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The Twins' Inconsistency of Calling Up Prospects

The Twins seem to have differing philosophies when it comes to promoting pitchers and position players.

Jonathan Daniel

I don't listen to very many podcasts, but there are two staples that I catch every week. The first is one you may not be familiar with, and that might be since it's based out of California. The Productive Outs podcast, or Prodcast, focuses on all baseball even though co-host Riley Breckinridge is an Angels fan while other co-host Ian Miller is a Giants fan and also a recent convert to the Astros, so Mike Bates is not alone. Plus, Breckinridge was the drummer of one of my favorite bands (no, not Puig Destroyer, I mean his earlier band) which was how I got hooked in the first place. The guys are hilarious, the reader emails are strangely almost always Canadian, and they're always willing to promote up-and-coming bands on their podcast.

The other one is one you likely have heard of, and that's Aaron Gleeman's and John Bonnes' "Gleeman and the Geek." While it's not where I get my Twins news, it's where I often hear good analysis of the various moves the Twins make. For example, Sunday's latest episode included talk about acquiring Jordan Schafer. While some people are turned off by his lack of hitting, Gleeman and Bonnes correctly identified that he's just a 4th or 5th outfielder that will get maybe one or two starts a week and could easily be cut loose at the end of the season.

However, Gleeman had a point that I felt was very good and it relates to the prospects in the minor leagues. We're getting increasingly frustrated that Trevor May and Alex Meyer are still in the minor leagues. There are some reasons for that - May was probably going to be called up at the All-Star break but then got hurt, while Meyer has always had control issues - but it's irritating nonetheless. Meanwhile, we've seen a whole slew of position players make their debuts this year, including Danny Santana, Kennys Vargas, and most shockingly Jorge Polanco, who was called up twice from Single-A.

This trend extends beyond this year, too. Gleeman noted that the Twins aggressively promoted Brian Dozier in 2012 even though he wasn't hitting well at Triple-A. Aaron Hicks was allowed to jump from Double-A to the majors last season. Also, Chris Parmelee and Josmil Pinto used strong September debuts in 2011 and 2013, respectively, to make it onto the Opening Day roster in their following season.

But if you look at the pitchers in recent years, there haven't been as many prospects that have been aggressively promoted. Oh sure, there have been plenty of guys that have made their major league debuts, but the list isn't very inspiring. Liam Hendriks, Scott Diamond, Cole De Vries, Andrew Albers, and Yohan Pino have all debuted with the Twins, but only Hendriks was really considered to be a prospect. Probably the last pitcher to be aggressively promoted was Alex Burnett back in 2010, when he dominated Double-A the prior season and was surprisingly handed a bullpen spot out of spring training. However, Burnett wasn't very good in the majors and he has not played at all this season.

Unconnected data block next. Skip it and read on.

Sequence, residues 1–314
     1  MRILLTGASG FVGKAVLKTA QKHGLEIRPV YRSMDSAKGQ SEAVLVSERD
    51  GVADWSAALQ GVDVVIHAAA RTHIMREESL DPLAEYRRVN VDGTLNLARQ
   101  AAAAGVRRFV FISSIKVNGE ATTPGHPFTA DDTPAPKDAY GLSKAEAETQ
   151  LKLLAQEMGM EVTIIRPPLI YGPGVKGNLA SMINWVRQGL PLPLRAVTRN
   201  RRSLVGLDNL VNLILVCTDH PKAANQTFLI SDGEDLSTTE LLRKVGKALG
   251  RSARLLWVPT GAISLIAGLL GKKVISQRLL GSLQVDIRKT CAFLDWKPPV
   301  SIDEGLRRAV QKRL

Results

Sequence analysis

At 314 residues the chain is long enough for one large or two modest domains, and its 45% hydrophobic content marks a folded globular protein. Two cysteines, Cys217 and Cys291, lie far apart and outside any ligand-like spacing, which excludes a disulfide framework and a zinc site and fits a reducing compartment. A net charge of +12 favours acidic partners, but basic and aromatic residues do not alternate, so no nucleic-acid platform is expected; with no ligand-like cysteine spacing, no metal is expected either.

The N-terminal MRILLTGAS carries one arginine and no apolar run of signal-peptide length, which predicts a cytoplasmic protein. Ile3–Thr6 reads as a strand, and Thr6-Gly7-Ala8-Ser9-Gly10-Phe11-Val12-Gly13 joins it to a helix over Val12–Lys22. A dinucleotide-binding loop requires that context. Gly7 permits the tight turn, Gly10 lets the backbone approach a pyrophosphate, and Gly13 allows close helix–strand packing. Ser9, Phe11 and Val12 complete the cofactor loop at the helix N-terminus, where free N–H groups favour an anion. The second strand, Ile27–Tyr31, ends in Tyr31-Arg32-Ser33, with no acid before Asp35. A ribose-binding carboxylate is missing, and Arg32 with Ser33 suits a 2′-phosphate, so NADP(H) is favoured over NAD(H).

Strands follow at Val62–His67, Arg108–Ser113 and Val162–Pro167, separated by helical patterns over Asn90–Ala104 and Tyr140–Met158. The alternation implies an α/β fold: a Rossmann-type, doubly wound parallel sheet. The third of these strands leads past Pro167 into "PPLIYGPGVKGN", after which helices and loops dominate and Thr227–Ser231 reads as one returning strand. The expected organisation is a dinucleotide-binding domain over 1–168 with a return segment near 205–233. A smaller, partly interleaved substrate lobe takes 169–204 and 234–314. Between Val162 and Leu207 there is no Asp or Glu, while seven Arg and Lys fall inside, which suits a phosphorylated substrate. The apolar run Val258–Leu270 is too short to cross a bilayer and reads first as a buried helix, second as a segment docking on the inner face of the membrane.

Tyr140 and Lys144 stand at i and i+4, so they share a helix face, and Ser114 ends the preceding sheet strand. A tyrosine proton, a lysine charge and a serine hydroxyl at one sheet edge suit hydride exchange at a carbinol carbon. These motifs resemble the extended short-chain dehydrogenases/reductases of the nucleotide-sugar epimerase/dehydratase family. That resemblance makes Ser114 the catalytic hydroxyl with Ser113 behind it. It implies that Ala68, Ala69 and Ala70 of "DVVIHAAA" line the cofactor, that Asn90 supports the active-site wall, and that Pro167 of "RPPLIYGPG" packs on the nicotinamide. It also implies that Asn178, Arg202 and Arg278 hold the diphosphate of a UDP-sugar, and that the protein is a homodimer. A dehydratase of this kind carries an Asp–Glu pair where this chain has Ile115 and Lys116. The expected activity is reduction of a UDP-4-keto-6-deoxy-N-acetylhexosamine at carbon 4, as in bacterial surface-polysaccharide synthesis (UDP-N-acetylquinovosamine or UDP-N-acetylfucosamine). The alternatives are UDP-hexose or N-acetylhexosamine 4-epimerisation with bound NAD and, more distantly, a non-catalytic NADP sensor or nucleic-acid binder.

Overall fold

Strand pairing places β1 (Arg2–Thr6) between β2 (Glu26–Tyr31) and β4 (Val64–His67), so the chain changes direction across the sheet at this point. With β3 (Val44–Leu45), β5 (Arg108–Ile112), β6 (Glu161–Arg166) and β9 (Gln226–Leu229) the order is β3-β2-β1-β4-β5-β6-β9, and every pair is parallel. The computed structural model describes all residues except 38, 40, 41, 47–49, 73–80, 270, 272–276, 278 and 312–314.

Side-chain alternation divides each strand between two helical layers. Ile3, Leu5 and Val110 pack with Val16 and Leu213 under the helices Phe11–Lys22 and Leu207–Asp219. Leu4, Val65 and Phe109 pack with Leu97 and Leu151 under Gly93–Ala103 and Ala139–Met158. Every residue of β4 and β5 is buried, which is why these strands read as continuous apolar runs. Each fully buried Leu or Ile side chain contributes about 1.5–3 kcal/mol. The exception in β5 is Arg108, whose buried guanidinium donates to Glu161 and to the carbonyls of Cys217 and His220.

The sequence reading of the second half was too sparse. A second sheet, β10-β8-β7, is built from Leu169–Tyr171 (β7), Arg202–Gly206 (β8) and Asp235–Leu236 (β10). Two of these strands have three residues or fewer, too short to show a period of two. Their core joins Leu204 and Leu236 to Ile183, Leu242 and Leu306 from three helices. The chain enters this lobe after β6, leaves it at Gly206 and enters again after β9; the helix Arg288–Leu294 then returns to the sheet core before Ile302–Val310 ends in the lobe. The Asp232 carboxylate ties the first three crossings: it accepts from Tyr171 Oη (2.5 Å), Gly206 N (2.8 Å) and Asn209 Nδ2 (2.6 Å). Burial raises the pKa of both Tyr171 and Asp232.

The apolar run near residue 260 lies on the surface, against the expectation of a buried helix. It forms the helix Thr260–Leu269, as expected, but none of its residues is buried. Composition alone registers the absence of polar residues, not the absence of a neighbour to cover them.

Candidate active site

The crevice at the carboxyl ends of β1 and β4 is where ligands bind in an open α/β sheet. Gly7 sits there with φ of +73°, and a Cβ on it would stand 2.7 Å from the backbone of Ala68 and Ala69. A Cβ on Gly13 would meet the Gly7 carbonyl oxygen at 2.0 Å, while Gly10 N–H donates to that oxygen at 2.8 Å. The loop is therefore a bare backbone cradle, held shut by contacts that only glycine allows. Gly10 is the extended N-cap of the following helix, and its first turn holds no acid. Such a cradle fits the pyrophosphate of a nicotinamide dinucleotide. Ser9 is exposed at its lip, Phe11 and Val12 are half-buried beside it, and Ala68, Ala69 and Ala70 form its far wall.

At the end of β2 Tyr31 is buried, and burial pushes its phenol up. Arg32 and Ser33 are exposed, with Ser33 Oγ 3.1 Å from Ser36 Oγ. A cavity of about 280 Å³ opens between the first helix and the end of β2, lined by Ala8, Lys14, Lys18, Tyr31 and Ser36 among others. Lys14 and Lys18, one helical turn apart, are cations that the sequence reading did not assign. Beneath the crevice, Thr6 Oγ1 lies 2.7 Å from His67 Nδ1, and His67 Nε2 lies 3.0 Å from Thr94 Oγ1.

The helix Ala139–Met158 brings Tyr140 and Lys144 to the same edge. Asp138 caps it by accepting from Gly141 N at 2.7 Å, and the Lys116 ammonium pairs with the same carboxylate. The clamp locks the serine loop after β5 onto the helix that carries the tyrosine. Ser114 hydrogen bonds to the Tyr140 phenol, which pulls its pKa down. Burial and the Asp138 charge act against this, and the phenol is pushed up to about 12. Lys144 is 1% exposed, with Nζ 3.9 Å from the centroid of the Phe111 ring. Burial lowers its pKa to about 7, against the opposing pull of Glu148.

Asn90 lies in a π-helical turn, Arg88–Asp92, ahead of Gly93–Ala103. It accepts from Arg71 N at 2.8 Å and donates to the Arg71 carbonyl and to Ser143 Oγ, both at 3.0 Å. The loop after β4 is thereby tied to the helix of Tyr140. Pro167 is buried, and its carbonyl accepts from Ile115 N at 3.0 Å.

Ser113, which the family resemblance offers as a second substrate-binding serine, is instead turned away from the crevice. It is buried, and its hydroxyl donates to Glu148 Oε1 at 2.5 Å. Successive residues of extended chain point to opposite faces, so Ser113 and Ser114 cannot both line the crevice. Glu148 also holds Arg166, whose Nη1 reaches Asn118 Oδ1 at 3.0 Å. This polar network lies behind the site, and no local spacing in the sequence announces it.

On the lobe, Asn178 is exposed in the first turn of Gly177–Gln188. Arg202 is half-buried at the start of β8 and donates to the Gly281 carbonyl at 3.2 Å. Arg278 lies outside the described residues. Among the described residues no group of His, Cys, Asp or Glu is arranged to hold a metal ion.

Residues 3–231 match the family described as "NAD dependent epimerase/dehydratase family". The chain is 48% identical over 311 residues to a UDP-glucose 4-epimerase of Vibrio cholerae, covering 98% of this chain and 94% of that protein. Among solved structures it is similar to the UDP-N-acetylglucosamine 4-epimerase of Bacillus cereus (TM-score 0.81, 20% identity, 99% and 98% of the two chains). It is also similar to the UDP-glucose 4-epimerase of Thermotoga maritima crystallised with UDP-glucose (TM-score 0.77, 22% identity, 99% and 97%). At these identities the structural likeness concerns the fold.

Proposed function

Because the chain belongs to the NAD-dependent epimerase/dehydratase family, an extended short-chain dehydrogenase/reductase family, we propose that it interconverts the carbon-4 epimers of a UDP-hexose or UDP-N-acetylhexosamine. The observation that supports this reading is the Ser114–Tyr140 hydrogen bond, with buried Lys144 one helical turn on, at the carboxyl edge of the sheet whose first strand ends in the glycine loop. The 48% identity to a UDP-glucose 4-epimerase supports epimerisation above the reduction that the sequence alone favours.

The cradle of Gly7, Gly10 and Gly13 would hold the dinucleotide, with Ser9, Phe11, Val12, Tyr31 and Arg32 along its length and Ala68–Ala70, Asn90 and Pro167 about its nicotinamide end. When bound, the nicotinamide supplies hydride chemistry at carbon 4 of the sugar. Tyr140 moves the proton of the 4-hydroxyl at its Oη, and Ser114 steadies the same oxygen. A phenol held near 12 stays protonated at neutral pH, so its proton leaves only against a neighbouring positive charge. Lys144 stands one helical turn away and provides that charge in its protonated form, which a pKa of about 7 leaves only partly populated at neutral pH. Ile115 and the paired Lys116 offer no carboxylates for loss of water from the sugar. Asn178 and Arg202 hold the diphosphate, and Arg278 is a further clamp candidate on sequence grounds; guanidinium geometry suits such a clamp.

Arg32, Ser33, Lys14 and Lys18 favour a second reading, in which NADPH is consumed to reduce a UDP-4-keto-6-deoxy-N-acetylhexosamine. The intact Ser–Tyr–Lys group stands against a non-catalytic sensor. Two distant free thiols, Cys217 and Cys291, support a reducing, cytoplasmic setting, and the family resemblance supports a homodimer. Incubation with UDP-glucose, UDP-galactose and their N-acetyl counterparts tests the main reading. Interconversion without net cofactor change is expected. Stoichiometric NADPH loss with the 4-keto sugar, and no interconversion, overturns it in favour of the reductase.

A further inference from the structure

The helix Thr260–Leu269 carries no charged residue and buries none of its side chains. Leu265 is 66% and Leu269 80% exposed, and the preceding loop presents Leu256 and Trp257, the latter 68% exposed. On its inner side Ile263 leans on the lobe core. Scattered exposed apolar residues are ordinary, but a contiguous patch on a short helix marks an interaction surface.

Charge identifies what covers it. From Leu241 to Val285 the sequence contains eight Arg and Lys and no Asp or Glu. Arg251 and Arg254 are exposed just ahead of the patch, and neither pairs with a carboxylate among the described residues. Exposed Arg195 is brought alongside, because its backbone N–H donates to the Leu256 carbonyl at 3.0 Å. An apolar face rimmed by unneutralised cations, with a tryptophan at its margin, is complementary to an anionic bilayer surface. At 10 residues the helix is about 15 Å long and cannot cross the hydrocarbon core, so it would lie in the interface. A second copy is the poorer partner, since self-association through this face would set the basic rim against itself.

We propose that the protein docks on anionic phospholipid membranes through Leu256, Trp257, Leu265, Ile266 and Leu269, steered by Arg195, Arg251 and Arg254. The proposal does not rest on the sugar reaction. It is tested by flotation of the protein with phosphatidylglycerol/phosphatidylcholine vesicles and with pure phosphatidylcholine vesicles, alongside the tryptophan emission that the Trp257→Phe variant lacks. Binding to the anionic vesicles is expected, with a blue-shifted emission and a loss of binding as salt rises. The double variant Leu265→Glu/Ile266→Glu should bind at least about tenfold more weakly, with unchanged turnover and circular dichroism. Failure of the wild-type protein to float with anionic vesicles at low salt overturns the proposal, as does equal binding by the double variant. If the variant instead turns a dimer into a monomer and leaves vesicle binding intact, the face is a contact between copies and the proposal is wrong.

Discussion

Last year, the Twins were incredibly patient with Kyle Gibson and he did end up struggling after his promotion at the end of June. This season, we're seeing the patience with May and Meyer, but there's another prospect at Rochester that hasn't received as much attention as the new M&M boys. This year, 24-year old reliever Michael Tonkin has put up a 2.62 ERA and is striking out over 9 batters per 9 innings while only walking 2.1 per 9 innings, but his mid-90s fastball has spent most of the season in the minor leagues. Yes, he has pitched in 15 games with the Twins this year and his numbers aren't that great, but the Twins still chose to go with retread Matt Guerrier instead of giving the young Tonkin an extended look. Perhaps I should still tip my cap to the front office though, as they promoted Ryan Pressly to replace Guerrier, and Pressly had definitely earned it with his performance in Triple-A.

The reason I'm making a big deal out of this is related to all the injuries we've seen to pitchers this season. While it seems like we've had an epidemic of torn UCLs and Tommy John surgeries, I feel that we've also been subjected to better diagnoses and overall awareness of the injuries, just like concussions. It almost seems unusual to find a pitcher now that hasn't had Tommy John surgery, so it appears as though all pitchers are a time bomb waiting to go off. Many pitchers have a limited number of innings in them before their arm explodes, so why not use those innings in the majors where it will most benefit the team?

Instead, the Twins are choosing to have their young hurlers use up their bullets in the minor leagues. To us fans, it looks like May and Meyer are ready, so why not give them a shot in a lost season instead of giving starts to non-prospects or other starters that don't have a future with the Twins?

The M&M boys will be called up eventually this season. I just wish that the Twins would start showing some consistency themselves when it's between calling up pitchers and position players.